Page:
By Jim Schutze
By Rachel Watts
By Lauren Drewes Daniels
By Anna Merlan
By Lee Escobedo
By Eric Nicholson
"I felt awful," Maples says. "That's why I stopped his friends" and gave them contact numbers for the jail--so they could reach their buddy Lopez--as well as public integrity.
There is also some indication that, during the arrest, Roper and Maples had words. Roper says Maples wanted to arrest Lopez and he didn't; Maples says he wanted to return Lopez's money, but Roper told him no. When they arrived at the jail with Lopez, Maples later told investigators, "I [said] we agreed on drug dealers, this kid is not a drug dealer, this is not right."
Raskolnikov or not, Dallas police Internal Affairs Division documents do suggest that, during this period, Maples-the-thief was often seized by an irresistible impulse to shoot himself in the foot. During another April heist, for example, Maples showed a security guard the $1,600 he pocketed--a move that virtually guaranteed he would be nabbed. "I would do things like that," Maples says now. "I was subconsciously trying to get caught, to get out of a bad situation, when I didn't have the courage to do it myself."
was racially prejudiced.
Maples later told investigators that Roper had been pressuring him to recruit more officers and to "produce"--that is, pull off his own thefts and share the proceeds with Roper. Public integrity and internal affairs documents show that, through the middle of May 1998, Maples had pulled off exactly two of his own thefts. To get Roper off his back, Maples says, he'd begun making up tales about thefts and simply tithing to Roper from money Roper had previously given him.
Then came the public integrity sting, which Maples and Roper spotted. The May 21 setup seems to have helped Maples locate his misplaced cojones; shortly afterward, Maples claims, he finally got up the gumption to tell Roper he "didn't want to do it any more."
In response, Maples says, Roper urged him to stay "in the game." And just 10 days after the failed sting, Maples pulled another heist, an amateurish and astonishingly wishy-washy job. In the wee hours of May 31, 1998, a 20-year-old kid named Joshua Jordan and several friends pulled into the driveway of Jordan's mother's East Dallas house. He had just gotten out of the car when he noticed a couple of figures around the corner. Jordan, who was packing, later said he thought they were about to break into his mother's house; he exchanged a round of gunfire with the dark figures and went inside to call police.
Unfortunately, the figures Jordan shot at were the police, investigating a burglary at a nearby store. Within minutes, Jordan was on the ground and the premises was a sea of blue uniforms. Maples was one of several officers who arrested Jordan; Maples patted him down and found his wallet, which had $650 tucked inside.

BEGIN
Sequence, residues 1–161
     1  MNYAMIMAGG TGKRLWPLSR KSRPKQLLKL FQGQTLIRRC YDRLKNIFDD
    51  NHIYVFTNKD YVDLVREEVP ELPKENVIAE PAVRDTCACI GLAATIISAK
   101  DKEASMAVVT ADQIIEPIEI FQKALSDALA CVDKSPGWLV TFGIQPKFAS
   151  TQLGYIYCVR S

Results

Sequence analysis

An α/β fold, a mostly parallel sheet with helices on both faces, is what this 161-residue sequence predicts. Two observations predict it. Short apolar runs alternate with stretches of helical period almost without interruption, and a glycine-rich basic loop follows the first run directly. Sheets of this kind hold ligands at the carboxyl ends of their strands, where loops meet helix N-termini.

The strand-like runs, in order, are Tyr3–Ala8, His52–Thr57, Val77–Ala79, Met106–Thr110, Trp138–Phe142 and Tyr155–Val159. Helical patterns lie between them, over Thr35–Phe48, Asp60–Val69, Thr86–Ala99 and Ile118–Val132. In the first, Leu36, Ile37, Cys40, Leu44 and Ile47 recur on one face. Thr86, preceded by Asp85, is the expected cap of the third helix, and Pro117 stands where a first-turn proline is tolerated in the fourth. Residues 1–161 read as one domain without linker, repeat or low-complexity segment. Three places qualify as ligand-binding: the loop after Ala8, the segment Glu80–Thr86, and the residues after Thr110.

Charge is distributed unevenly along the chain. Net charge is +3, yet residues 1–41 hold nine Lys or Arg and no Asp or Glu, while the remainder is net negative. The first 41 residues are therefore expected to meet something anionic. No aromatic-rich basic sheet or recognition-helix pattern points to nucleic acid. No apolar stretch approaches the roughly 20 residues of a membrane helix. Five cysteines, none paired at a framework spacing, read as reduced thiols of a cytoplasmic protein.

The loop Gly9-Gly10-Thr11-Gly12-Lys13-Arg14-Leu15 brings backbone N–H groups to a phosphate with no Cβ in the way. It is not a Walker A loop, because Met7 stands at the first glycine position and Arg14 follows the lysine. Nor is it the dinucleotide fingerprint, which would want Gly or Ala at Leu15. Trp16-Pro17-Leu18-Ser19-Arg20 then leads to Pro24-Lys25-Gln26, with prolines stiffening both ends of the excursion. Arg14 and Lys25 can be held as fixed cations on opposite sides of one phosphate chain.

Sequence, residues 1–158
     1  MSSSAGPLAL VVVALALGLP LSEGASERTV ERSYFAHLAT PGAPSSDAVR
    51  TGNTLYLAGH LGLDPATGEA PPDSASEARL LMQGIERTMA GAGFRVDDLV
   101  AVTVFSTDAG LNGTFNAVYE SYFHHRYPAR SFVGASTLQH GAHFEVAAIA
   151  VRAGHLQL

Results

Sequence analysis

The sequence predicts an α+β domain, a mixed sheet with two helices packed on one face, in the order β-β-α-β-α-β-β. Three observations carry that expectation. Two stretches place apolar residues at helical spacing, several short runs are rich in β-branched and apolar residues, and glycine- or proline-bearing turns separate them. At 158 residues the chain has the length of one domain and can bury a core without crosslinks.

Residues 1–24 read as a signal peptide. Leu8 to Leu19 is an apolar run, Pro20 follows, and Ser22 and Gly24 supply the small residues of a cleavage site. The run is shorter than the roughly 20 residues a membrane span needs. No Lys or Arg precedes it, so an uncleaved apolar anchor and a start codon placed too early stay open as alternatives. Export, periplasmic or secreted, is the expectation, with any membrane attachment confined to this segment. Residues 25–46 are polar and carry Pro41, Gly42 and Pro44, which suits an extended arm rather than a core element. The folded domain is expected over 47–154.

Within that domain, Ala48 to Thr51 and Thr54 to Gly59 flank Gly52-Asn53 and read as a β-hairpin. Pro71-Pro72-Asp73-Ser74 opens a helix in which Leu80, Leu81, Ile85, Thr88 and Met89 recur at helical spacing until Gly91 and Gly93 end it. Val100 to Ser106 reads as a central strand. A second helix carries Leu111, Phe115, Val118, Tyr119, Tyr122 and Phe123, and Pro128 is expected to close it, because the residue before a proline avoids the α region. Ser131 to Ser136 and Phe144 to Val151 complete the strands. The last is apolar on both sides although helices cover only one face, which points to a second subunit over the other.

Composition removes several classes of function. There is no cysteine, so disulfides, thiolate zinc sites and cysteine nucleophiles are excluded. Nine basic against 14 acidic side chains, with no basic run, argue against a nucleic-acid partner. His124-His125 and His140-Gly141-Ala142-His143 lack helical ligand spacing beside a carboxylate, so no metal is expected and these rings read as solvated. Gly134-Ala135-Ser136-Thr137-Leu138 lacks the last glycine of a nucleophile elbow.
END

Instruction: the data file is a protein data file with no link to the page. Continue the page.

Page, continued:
At least two cops on the scene later recalled seeing Maples with Jordan's wallet, and Maples says he commented aloud that Jordan deserved to have his money confiscated for shooting at a cop. When no one followed up, Maples says, he simply pocketed Jordan's cash. (If any cops overheard Maples' comment, they never told internal affairs. Maples claims one cop later assured him, "Don't worry, I didn't give you up" to internal affairs.)
Maples apparently tried one other interesting tactic he had picked up somewhere along the way. Joining several cops searching the bushes along the perimeter of the scene, Maples emerged carrying a purple Crown Royal bag. As officer Jason Sibley later recalled, "Officer Maples took me to the rear of the squad car and showed me a Crown Royal tie bag. The bag was in the trunk, and he told me it contained some drugs, and that it belonged to the suspect." Everyone took Maples at his word.
It seems that Maples later decided the drugs weren't needed. Jordan was charged with aggravated assault of a police officer, and the Crown Royal bag never made it down to the property room.
After that, Maples says, he flat-out refused to steal. And when Roper finally saw he couldn't lure Maples back "into the game," Maples says Roper tried to buy his silence.
In late June, Maples says, Roper asked him to come by Roper's apartment. "There were stacks of money in his living room," Maples recalls. And he said, 'Why do you want to mess this up? We've got a good thing going here.'
"I said I just couldn't. And that's when he walked back into the bedroom and came out with a shopping bag full of cash. And he said 'Here. Keep your mouth shut.'"
Maples says he took the money, more than $30,000, and put it in his apartment safe. Later that summer, he moved it to a storage unit nearby.
hr style="size: 1px; width: 50%; text-align: centerBy the end of the summer, a number of cops at the Northeast Operations Division noticed that Maples and Roper weren't such fast friends any more. Roper later told investigators that "a rift occurred" between the two sometime before Maples went on military leave for the National Guard, on September 1, 1998. When Maples returned a month later, he asked to be transferred to deployment, a new area of duty.